W3C home > Mailing lists > Public > www-tag@w3.org > January 2013

RE: The non-polyglot elephant in the room

From: Larry Masinter <masinter@adobe.com>
Date: Mon, 21 Jan 2013 14:32:14 -0800
To: Kingsley Idehen <kidehen@openlinksw.com>, David Sheets <kosmo.zb@gmail.com>
CC: "www-tag@w3.org" <www-tag@w3.org>
Message-ID: <C68CB012D9182D408CED7B884F441D4D1E3FF99BFA@nambxv01a.corp.adobe.com>
Recommendations should be appropriate for the scope that they claim to cover.
A recommendation for HTML which claims to satisfy all of the existing use cases of HTML (for web pages, for email, for embedded devices) has a strong requirement to be appropriate for all of those use cases.

However, the "scope" of polyglot is quite narrow: it is for a narrow set of applications which wish to serve the same content as text/html to HTML tools and as application/xhtml+xml to XML tools. As such, the fact that there are other use cases for which polyglot may not be appropriate -- it is irrelevant.

I don't think the objections raised are taking the claimed scope of the specifications into account.

It is irrelevant whether the use cases are 2% or 40% of use cases currently, the only question should be whether there is sufficient interest.

The standards process requires a linked but asynchronous coordination between implementations, specifications, and test cases.  For some period of time, implementations may lag the specification; at some times, the specifications lag behind the implementations.  The fact that some tools purporting to support polyglot lag behind the specification is not a sufficient reason to reject the polyglot spec, as long as those implementations intend to follow the standard once it stabilizes -- that's the reason for the CR phase and identifying exit criteria. So if there are some implementations that don't match the current spec, that is not a reason by itself to reject the spec; perhaps instead it should be added to the "CR exit criteria".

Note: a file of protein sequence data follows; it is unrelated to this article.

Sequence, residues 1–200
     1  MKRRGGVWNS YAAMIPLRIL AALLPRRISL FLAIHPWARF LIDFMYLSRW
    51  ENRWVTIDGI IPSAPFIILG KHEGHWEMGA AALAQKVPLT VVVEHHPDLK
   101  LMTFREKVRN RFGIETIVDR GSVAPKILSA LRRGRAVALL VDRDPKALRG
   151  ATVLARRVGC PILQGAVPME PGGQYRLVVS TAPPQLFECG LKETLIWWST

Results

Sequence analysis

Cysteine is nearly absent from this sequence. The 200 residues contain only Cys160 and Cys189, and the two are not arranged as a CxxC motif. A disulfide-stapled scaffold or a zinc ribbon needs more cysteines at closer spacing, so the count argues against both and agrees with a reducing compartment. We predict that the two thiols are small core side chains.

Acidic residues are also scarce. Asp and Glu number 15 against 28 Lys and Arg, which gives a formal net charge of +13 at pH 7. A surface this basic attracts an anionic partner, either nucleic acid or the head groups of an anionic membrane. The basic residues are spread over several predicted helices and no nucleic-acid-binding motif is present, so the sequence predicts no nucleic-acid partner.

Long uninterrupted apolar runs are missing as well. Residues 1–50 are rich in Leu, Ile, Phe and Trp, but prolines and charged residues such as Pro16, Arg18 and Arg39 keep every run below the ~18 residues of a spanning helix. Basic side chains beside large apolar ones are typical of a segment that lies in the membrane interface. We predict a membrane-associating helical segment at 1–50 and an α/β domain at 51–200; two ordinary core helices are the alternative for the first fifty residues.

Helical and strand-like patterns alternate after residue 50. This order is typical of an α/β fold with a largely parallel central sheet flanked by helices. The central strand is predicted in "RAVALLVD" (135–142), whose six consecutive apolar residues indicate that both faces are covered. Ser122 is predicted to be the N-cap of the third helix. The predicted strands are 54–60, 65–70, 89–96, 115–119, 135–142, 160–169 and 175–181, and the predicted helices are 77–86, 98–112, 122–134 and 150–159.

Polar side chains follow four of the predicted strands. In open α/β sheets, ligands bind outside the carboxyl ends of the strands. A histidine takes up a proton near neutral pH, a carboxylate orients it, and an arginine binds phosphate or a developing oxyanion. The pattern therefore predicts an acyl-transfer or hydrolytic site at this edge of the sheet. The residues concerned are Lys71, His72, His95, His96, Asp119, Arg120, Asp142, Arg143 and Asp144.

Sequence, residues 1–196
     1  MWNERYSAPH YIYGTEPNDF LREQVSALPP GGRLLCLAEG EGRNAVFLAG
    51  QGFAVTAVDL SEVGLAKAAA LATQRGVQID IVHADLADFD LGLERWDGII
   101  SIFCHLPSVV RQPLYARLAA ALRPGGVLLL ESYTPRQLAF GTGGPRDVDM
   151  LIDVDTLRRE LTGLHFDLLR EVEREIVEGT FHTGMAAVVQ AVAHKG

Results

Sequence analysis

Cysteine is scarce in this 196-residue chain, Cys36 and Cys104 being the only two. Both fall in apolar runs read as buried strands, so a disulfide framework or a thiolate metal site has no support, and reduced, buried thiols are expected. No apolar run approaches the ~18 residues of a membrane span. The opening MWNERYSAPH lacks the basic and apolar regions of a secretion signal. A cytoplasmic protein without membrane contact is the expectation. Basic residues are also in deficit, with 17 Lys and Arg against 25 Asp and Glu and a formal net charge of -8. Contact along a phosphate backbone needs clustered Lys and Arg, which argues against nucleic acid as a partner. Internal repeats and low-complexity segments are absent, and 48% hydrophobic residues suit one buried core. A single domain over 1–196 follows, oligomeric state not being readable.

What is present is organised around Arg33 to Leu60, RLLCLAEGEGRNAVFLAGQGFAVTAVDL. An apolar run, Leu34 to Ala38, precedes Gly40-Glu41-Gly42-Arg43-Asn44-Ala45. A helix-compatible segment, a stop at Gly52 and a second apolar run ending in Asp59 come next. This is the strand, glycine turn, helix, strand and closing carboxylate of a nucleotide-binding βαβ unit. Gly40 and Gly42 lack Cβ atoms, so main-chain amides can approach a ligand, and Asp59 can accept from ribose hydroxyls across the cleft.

Content-type does not partition the space of content. Content-type is descriptive metadata; it is a description of delivery intent, not of any intrinsic property. The *same* data stream can be delivered with different content-types, with potentially different intent and different intent. So the notion of "squatting" on content-types does not apply to polyglot. Polyglot instead is a kind of pun, where the same content can be delivered as multiple content-type values, with the intent of having the same (or at least very similar) results.  

> -----Original Message-----
> From: Kingsley Idehen [mailto:kidehen@openlinksw.com]
> Sent: Monday, January 21, 2013 10:26 PM
> To: David Sheets
> Cc: www-tag@w3.org
> Subject: Re: The non-polyglot elephant in the room
> On 1/21/13 4:15 PM, David Sheets wrote:
> > On Mon, Jan 21, 2013 at 11:47 AM, Kingsley Idehen
> > <kidehen@openlinksw.com> wrote:
> >> On 1/21/13 2:19 PM, Melvin Carvalho wrote:
> >>
> >> On 21 January 2013 20:13, Anne van Kesteren <annevk@annevk.nl> wrote:
> >>> On Mon, Jan 21, 2013 at 7:24 PM, Kingsley Idehen
> <kidehen@openlinksw.com>
> >>> wrote:
> >>>> Please correct me if my characterization is wrong, but it appears to me
> >>>> that
> >>>> this entire affair is about content-type (mime type) squatting i.e.,
> >>>> trying
> >>>> to squeeze (X)HTML into content-type: text/html. If this is true, why on
> >>>> earth would such an endeavor be encouraged by the W3C or its TAG?
> > How is the definition of *a valid subset of text/html* squatting?
> Is XHTML now a subset of HTML? Is (X)HTML a subset of HTML? As I stated,
> as part of my open comments, what am I missing in my characterization?
> >
> >>> Maybe because XML is listed quite prominently under "What is Web
> >>> architecture?" in http://www.w3.org/2004/10/27-tag-charter.html though